The cardinal-archbishop made his statements during a thanksgiving mass, marking the 18th anniversary of the National Drugs Control Agency.
The agency has seized 4,332 kg of cocaine, 23 kg of crack and 354,738 ecstasy tablets during the 21 months of Iván Peña’s tenure. It has conducted 15,900 drug seizures and 11,512 raids and has filed 6,382 charges.
Vatican City, May 31, 2006 (CNA) - Benedict XVI dedicated this morning's general audience to a special catechesis on his recently-concluded journey to Poland, "revisiting," together with the 35,000 faithful in St. Peter's Square, the various stages of his apostolic trip.
Recalling first his meeting with the clergy in Warsaw, he said, "My pilgrimage began under the sign of the priesthood. It continued with an expression of ecumenical solicitude in the Lutheran church of the Most Holy Trinity. On that occasion I reiterated my firm intention to consider the restoration of full visible unity among Christian as a priority of my ministry."
The Holy Father then went on to refer to "the solemn Eucharistic celebration" in Pilsudski Square, a place, he said, "that has now acquired a symbolic value, having hosted many historic events," including Masses celebrated by John Paul II, the funeral of Cardinal Wyszynski, and "mourning ceremonies in the days following the death of my predecessor."
The Pope then took a moment to remember his visits to the shrines "that marked the life of the priest and bishop, Karol Wojtyla:" Czestochowa, Kalwaria Zebrzydowska, and Divine Mercy.
"I will never forget the visit to the famous Marian Shrine of Jasna Gora at Czestochowa, ... heart of the Polish nation," he said, "where I again presented the faith as a fundamental attitude of the spirit that involves the entire person. ... From the Virgin of Sorrows at the Shrine of Kalwaria ... I asked support for the faith of the ecclesial community in moments of trial and difficulty. The visit to the Shrine of Divine Mercy ... gave me the opportunity to highlight how Divine Mercy illuminates the mystery of man. In the nearby convent, ... St. Faustina Kowalska received a message of faith for humanity, echoed and interpreted by John Paul II."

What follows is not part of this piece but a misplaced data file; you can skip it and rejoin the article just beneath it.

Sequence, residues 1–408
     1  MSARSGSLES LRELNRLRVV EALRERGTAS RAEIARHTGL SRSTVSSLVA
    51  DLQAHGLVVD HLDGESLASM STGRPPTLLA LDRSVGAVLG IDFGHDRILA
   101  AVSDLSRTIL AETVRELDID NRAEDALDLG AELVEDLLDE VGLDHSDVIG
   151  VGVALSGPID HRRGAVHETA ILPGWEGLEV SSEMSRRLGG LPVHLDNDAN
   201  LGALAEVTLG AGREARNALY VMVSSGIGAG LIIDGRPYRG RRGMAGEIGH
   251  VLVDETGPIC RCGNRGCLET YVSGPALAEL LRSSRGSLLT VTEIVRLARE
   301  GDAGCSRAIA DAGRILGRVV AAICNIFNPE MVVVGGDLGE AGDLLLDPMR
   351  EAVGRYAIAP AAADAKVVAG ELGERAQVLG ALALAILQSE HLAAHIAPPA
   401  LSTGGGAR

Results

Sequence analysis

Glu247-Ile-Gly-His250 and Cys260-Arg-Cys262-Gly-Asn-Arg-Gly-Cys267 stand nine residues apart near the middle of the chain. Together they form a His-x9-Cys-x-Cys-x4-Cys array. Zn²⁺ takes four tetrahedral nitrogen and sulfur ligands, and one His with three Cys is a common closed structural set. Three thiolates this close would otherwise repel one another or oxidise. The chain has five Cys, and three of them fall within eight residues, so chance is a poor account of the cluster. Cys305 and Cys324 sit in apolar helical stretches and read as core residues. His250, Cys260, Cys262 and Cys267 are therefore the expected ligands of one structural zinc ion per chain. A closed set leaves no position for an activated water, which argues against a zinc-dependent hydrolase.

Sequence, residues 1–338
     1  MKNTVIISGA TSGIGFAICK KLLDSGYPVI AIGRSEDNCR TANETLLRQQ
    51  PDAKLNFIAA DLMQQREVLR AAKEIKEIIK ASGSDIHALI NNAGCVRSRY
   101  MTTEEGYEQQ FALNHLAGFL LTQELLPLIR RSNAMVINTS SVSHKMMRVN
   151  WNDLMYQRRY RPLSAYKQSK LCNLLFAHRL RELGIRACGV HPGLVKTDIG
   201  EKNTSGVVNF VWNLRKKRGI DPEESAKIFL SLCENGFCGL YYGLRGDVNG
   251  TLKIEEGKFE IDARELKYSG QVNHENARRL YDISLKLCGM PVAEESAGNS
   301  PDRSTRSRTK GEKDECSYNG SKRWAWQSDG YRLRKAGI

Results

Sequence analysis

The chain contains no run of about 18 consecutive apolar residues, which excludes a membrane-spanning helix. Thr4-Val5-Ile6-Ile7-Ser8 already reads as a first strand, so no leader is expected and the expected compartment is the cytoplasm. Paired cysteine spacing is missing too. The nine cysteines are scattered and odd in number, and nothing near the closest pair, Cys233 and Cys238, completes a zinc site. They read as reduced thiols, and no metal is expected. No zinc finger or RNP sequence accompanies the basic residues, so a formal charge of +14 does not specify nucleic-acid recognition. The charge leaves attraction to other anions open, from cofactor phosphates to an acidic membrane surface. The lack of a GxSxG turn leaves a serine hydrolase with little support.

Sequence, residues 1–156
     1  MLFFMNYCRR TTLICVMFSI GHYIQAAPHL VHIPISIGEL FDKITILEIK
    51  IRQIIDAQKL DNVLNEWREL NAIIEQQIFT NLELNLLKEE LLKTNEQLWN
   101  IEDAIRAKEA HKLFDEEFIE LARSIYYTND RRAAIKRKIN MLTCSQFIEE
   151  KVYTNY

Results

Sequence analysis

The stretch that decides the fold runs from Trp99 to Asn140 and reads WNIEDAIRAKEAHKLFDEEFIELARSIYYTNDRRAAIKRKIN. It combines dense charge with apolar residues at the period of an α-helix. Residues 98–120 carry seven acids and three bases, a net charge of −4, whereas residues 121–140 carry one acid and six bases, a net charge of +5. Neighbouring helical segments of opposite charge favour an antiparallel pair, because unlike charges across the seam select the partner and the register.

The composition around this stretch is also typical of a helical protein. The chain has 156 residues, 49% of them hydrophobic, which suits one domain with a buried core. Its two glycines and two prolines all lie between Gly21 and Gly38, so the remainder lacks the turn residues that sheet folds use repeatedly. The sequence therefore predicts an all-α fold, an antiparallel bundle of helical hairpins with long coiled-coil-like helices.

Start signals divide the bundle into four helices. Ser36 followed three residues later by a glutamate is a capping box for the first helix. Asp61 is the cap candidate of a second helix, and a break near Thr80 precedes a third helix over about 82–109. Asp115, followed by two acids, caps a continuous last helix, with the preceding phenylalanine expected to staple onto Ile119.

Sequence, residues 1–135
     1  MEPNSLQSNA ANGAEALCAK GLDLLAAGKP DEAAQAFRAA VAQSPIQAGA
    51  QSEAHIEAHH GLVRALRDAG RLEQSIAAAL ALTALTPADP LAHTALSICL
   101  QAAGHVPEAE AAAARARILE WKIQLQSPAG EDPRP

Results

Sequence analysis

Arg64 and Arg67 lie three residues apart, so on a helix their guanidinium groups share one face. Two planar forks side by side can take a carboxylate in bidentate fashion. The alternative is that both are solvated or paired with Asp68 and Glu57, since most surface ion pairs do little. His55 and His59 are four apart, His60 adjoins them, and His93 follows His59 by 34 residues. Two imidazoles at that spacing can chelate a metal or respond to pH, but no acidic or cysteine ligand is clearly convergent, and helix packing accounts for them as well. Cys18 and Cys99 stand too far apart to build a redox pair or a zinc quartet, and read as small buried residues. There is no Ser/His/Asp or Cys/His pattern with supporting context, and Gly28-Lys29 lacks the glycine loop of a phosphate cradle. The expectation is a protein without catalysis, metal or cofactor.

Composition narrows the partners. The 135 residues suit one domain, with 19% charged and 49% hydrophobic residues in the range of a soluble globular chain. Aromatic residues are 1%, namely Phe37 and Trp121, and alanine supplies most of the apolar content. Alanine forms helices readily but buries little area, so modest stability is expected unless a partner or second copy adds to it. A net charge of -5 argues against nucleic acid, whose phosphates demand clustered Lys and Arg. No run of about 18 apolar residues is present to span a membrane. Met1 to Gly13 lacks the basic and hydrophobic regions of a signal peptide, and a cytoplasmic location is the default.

The Pope also mentioned "other symbolic shrines" of his journey: Wadowice, birthplace of John Paul II, where lay "the roots of his robust faith, his sensitive and open humanity, his love for beauty and truth, his devotion to the Virgin, his love for the Church, and above all his vocation to sanctity;" and Wawel cathedral "where he celebrated his first Mass."
Referring to his meeting with young people in Krakow's Blonie Park, the Holy Father quoted a phrase his predecessor liked to repeat: "Stand firm in your faith." This, he added, "is the duty I left to the beloved children of Poland, encouraging them to persevere in their faithfulness to Christ and to the Church, that Europe and the world may not lack their evangelical witness. All Christians must feel the commitment to bear such witness,” the Pope continued, “so as to ensure that humanity in the third millennium may never again know horrors similar to those ... of the concentration camps of Auschwitz-Birkenau."
In places such as Auschwitz-Birkenau, the Holy Father went on, "the only response is the Cross of Christ: the Love that descended to the abyss of evil in order to save man at his very roots, where his freedom can rebel against God."
"He concluded: "May modern man never forget Auschwitz or the other 'factories of death' in which the Nazi regime sought to eliminate God and take His place. May he not be tempted to racial hatred, which is the origin of the worst forms of anti-Semitism. May he go back to recognizing that God is Father of all, and calls us all in Christ to build together a world of justice, truth and peace.
At the conclusion of his general audience the Holy Father said: "My thoughts go out to the beloved nation of East Timor, wracked by tension and violence which has caused victims and destruction. As I encourage the local Church and Catholic organizations to continue, together with other international organizations, their efforts to help those displaced, I invite you all to pray to the Most Holy Virgin that with her maternal protection she may sustain the efforts of the people working for the pacification of souls and the return of normality."
Madrid, Spain, May 31, 2006 (CNA) - In an interview for a new book on Europe since the end of the Cold War, Cardinal Antonio Maria Rouco of Madrid has stated that “religion is the greatest unifying factor in Europe, and the Catholic Church is the greatest unifying phenomenon in the European Union.”
According to the cardinal, the cultural and educational values of Europe all have Catholic underpinnings and therefore have enormous unifying force. “A living Christianity and a young and committed Catholic Church would be an invaluable and irreplaceable contribution to the future of the European Union. It would be a sort of religious, ethical and spiritual roadmap,” he said.
Because of these shared values and traditions, Cardinal Rouco noted, traveling from one’s own country to another in Europe does not give one the feeling of being in a foreign land.
“Europe must be built from the bottom up,” he said, “starting with friendships, personal communication and deeper roots such as religion and spirituality, and from there move on to sports, culture and tourism. This is very important if we want to build up Europe,” the cardinal stated.